Sunday 27 December 2009

Remembering Gaza

It was a year ago to this day that Israel launched its murderous assault on Gaza. The Israelis managed to kill around 1,400 Palestinians, most of whom were civilians and many of whom were women and children. The initial attacks were timed to coincide with the end of the school morning, thus ensuring the maximum number of casualties among women and children. These first attacks also struck at public ceremony celebrating the graduation of new policemen. Truly a modern day slaughter of the innocents. There are many accounts of this massacre and one of the best can be found here on Lenin’s Tomb.

As usual most western governments - from the self-styled democratic west - decided to either ignore the slaughter or procrastinate or even offer support to Israel. However this time the civilian population of the west rose up in revolt against this continuing complicity in yet another Israeli war of aggression. The Gaza slaughter may turn out to be the tipping point when the rest of the world finally woke up to the 60 plus years of ongoing Israeli terror against the Palestinians.

For the key point about the Gaza massacres was that this was not a one off, but part of the continuing attempt by Israel to ethnically cleanse most of Palestine of Palestinians. Over the past year Israel has intensified its efforts to build yet more colonies on Palestinian land and to intensify its policy of using violence against peaceful Palestinian and Israeli protesters. For example just in the last six months, 31 residents of Bil'in have been arrested, mostly during nighttime raids, and 89 have been arrested in Ni'ilin in the last 18 months. These two villages are two of the main hubs of unarmed protest against the Wall. A more detailed account of the struggle against the Wall can be found in this article from Jewish Peace News.

Another article which appeared in the Guardian’s Comment if Free section by Neve Gordon also looks at Israel’s long, long history of using violence to break up peaceful Palestinian opposition. This goes right back to the first few months after the six day war in 1967, when teachers in the West Bank went on strike against the imposition of Israeli textbooks. Israel's response to that first strike was immediate and severe: it issued military orders categorising all forms of resistance as insurgency – including protests and political meetings, raising flags or other national symbols, publishing or distributing articles or pictures with political connotations, and even singing or listening to nationalist songs. The message Israel wanted to convey was clear: any act of resistance would result in a disproportionate response, which would make the population suffer to such a degree that resistance would appear pointless. Gordon’s article can be found here.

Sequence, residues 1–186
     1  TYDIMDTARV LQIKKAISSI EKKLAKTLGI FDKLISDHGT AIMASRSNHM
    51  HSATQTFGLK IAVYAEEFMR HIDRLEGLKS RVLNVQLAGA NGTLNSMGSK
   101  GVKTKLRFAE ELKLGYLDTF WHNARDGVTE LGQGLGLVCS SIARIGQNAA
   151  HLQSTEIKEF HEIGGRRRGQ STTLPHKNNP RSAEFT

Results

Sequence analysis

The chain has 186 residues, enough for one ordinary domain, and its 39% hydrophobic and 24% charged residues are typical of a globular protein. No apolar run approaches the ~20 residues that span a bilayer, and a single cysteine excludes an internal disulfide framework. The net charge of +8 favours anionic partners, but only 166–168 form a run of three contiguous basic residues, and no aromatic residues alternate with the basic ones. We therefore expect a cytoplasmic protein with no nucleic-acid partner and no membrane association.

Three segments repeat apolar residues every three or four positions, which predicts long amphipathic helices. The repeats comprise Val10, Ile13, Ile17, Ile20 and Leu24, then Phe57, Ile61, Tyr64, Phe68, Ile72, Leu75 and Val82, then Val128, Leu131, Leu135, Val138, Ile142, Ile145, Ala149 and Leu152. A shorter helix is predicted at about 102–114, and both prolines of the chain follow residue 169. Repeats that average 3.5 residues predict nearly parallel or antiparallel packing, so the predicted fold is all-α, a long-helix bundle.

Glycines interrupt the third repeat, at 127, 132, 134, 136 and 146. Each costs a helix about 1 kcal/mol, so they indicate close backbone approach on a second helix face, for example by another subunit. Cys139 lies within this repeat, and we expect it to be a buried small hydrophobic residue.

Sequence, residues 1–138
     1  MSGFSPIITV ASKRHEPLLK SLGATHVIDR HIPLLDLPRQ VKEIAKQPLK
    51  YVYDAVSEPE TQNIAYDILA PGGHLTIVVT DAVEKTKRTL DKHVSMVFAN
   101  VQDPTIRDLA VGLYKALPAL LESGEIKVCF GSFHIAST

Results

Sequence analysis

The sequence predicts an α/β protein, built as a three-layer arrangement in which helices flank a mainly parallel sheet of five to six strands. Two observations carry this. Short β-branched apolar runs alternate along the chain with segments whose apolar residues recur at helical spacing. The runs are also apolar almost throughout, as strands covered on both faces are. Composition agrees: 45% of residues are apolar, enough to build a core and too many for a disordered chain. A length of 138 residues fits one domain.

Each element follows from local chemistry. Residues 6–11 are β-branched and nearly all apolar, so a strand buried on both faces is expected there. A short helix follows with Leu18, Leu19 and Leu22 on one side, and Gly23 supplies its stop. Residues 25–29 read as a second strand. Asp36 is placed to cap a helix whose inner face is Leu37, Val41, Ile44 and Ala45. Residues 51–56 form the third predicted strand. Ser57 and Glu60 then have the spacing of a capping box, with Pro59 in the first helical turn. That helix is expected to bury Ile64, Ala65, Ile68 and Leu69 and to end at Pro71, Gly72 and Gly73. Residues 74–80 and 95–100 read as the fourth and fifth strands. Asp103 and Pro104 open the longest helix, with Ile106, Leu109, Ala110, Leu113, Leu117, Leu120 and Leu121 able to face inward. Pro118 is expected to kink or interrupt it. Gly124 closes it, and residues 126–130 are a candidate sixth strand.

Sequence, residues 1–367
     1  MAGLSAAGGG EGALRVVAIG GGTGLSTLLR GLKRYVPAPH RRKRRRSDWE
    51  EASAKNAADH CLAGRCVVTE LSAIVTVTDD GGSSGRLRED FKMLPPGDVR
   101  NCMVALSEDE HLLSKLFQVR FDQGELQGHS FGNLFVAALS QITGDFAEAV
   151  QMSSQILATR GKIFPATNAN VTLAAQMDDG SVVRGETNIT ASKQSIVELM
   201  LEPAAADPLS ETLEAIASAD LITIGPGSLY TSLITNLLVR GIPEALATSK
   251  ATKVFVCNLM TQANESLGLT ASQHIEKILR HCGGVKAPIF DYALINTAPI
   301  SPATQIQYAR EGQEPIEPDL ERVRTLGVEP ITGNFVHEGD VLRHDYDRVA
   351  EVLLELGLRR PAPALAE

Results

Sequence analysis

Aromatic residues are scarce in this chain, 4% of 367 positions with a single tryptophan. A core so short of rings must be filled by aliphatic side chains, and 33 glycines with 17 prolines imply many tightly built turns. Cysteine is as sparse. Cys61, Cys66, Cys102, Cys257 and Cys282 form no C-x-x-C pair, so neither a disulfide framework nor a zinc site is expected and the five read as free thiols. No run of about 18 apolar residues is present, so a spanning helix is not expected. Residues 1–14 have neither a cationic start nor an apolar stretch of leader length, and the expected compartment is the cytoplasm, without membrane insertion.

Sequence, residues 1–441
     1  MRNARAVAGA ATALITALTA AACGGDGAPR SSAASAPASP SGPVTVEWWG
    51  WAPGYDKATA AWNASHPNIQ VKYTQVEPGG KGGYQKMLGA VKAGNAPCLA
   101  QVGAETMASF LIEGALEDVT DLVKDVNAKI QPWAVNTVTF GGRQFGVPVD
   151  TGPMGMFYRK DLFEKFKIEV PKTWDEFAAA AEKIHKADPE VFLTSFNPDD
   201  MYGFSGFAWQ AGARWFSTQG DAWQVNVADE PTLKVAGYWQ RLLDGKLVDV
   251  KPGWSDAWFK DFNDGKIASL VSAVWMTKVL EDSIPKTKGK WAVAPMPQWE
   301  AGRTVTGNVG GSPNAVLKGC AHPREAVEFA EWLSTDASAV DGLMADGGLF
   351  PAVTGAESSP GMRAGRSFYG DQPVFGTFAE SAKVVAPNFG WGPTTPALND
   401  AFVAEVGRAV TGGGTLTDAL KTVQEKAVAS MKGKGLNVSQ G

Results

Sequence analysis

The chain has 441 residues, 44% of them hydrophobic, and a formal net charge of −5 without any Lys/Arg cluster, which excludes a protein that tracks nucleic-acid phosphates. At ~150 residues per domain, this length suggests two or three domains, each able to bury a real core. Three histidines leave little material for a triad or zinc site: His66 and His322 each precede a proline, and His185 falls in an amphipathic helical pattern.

The above are just a few of the many examples of where it has been Israel that “has never missed an opportunity to miss an opportunity.” For Israel has never shown the slightest evidence that it has ever been interested in a genuine peace settlement, one that is based on justice. This time however it looks like Israel may have gone too far. The call to Boycott, Divest and introduce Sanctions against Israel has grown tremendously over the past year. And many senior Israelis are unable to leave Israel for fear of arrest on charges of war crimes. The UN sponsored Goldstone Report into the Gaza slaughter has provided anti Zionist groups with clear documented evidence to increase support of the Boycott campaign. The purpose of the Boycott campaign is to put pressure on Israel to:

  1. Ending its occupation and colonization of all Arab lands and dismantling the Wall;
  2. Recognizing the fundamental rights of the Arab-Palestinian citizens of Israel to full equality; and
  3. Respecting, protecting and promoting the rights of Palestinian refugees to return to their homes and properties as stipulated in UN resolution 194.

To ensure that there are no more slaughtered civilians, we should do all we can to support this Boycott call.

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